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EPA awards $300K to Montana Indian Country Environmental Protection Project

Release Date: 11/29/2006
Contact Information: Michael Wenstrom, 303-312-7009, wenstrom.michael@epa.gov; Nancy Reish, 303-312-6040, reish.nancy@epa.gov

{11/28/2006 -- Denver, Colo.} To continue environmental progress at the community level, the U.S. Environmental Protection Agency awarded a $299,974 Community Action for a Renewed Environment (CARE) grant to the Montana Indian Country CARE Project (MICCP). The project will be led by the Rocky Mountain College Department for American Indian Affairs.


    The MICCP will create and coordinate the collaboration of four tribal colleges with four different tribal reservation communities. The project will educate reservation communities about everyday toxic exposures and help them reduce and mitigate those exposures. The priority environmental issues identified by this project are toxic contamination from methamphetamine labs, drinking water contamination, indoor and outdoor air quality, mold, household chemical use and disposal, pesticide use and solid and hazardous waste.

    The EPA grant will help the program get experience dealing with the unique toxics issues faced by tribal communities while providing real environmental benefits to the people of Montana.

    The types of projects that are likely to be funded by the grant to MICCP are:
      --Providing information to families on adequate ventilation, moisture control, proper storage and disposal of hazardous wastes to community members to help them reduce toxics in their own homes.
      --Inventory of toxic exposure sources for tribal communities as a knowledge base for tribal planning and education campaigns.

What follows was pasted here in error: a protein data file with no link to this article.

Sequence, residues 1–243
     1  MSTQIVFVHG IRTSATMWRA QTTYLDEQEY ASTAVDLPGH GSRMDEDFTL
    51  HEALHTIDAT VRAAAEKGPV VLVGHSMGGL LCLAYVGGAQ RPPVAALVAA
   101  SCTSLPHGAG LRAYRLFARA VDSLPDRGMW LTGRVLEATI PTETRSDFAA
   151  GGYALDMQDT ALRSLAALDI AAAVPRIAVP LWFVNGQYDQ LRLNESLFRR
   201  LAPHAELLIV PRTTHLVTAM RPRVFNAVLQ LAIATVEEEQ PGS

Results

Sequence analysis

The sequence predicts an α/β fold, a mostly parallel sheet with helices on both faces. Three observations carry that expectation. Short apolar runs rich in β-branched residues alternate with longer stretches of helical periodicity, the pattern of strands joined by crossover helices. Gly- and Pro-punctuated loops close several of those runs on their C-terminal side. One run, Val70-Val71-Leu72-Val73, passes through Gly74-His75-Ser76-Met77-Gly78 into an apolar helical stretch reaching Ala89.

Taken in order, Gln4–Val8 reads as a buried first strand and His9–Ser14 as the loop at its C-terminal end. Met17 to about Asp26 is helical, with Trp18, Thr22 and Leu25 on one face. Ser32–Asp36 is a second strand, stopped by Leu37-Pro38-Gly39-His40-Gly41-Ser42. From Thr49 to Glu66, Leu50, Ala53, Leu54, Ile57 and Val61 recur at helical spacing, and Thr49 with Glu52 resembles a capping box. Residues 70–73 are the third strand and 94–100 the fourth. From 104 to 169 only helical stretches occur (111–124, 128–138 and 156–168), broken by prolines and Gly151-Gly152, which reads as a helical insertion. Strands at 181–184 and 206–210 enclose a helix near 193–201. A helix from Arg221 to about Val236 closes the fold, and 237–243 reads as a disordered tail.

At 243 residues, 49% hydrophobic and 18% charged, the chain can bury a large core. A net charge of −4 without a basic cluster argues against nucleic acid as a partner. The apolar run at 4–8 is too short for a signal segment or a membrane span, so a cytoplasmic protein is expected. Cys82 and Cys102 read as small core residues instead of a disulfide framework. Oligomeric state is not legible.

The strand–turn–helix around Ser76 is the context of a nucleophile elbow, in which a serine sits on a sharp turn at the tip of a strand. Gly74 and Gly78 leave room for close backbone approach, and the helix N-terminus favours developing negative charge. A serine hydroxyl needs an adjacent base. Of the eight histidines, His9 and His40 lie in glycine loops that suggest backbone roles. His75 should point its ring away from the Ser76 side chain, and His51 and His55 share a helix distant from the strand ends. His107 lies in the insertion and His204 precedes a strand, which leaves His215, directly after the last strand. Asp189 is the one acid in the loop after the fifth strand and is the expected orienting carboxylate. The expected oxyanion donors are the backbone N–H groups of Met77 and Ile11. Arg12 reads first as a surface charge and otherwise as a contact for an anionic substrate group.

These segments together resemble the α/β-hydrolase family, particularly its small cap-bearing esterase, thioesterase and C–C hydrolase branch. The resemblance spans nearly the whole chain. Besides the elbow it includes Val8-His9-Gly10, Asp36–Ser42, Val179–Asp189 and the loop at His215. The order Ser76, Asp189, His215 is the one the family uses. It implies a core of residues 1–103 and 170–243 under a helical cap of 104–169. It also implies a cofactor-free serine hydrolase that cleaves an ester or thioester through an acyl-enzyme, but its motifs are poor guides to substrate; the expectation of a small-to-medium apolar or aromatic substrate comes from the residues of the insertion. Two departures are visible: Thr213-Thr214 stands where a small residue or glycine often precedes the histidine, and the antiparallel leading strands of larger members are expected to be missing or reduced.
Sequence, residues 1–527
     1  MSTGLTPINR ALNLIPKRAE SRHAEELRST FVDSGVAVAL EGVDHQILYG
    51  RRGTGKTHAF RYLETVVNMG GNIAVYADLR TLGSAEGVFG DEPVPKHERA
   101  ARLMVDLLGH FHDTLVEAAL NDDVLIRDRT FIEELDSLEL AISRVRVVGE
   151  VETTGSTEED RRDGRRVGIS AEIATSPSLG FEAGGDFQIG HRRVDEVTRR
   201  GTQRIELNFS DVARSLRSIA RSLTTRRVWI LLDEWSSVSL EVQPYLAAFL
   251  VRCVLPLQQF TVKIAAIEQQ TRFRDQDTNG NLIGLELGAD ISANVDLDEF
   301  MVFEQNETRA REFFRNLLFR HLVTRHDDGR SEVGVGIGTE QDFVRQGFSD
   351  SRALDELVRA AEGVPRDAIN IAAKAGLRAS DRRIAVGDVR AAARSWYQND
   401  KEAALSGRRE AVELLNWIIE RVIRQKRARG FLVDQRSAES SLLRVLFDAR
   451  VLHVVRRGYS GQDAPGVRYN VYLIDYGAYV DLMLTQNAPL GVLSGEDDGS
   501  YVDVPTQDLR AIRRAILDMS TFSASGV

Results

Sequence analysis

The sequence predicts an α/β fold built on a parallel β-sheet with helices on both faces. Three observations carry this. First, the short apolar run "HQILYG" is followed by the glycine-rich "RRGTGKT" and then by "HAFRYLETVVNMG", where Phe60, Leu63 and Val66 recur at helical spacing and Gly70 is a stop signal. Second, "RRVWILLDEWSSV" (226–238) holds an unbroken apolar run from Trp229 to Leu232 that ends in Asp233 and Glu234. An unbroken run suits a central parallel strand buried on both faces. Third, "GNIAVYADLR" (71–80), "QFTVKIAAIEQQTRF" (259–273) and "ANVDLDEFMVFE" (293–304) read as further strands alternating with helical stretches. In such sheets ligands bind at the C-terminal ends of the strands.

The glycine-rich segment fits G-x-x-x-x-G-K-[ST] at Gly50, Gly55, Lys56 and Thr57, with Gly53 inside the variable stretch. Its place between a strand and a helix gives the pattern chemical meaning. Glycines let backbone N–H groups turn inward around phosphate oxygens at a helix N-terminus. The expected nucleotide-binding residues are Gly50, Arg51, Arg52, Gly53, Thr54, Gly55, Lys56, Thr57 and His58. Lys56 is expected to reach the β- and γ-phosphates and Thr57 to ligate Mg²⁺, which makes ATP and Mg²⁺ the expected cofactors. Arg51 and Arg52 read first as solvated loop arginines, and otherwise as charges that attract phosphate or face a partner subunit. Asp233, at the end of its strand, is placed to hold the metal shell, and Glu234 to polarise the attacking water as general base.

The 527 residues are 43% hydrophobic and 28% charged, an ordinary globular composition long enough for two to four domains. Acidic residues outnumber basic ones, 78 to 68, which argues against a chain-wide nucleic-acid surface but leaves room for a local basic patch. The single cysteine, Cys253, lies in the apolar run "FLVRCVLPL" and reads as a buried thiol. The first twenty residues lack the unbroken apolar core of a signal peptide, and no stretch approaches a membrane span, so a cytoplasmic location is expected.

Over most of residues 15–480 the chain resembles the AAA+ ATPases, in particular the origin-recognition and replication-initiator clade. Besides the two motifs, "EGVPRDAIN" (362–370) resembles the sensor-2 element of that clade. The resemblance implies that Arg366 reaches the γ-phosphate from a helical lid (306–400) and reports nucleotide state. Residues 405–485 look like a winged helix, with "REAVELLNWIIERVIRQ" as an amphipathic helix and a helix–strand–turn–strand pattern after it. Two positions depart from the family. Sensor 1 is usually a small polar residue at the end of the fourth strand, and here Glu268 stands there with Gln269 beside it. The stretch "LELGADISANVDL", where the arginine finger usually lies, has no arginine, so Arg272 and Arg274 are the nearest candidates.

--Develop culturally sensitive messages that communicate toxic exposure in Indian Country and disseminate information to community members about what constitutes a toxic exposure and common toxics found in homes and Indian lands.
      --Inform and promote toxic reduction strategies in a majority of Tribal schools to improve the health of students and teachers.

    “CARE is collaboration in action,” said EPA Administrator Stephen L. Johnson. “By uniting and working together, we can set priorities and address important environmental and public health issues.”

    EPA awarded a total of $2.7 million in CARE grants to 17 communities across the country. The CARE Program is a community-based, community-driven program that builds partnerships to help communities understand and reduce toxic risks from numerous sources. Award recipients will address a wide variety of environmental health issues in both rural and urban areas.

    There are two types of CARE cooperative agreements. The smaller Level I cooperative agreements are approximately $90,000 each and will help communities organize and create collaborative partnerships dedicated to reducing toxics in their local environments. Level II awards are larger – approximately $275,000 – and are designed to support communities that have already established broad-based partnerships and have identified the priority toxic risks in the community. Level II communities are further along in the CARE process and are prepared to measure results, implement the risk reduction activities, and become self-sustaining.

    More information about CARE and the cooperative agreements is available at: http://www.epa.gov/care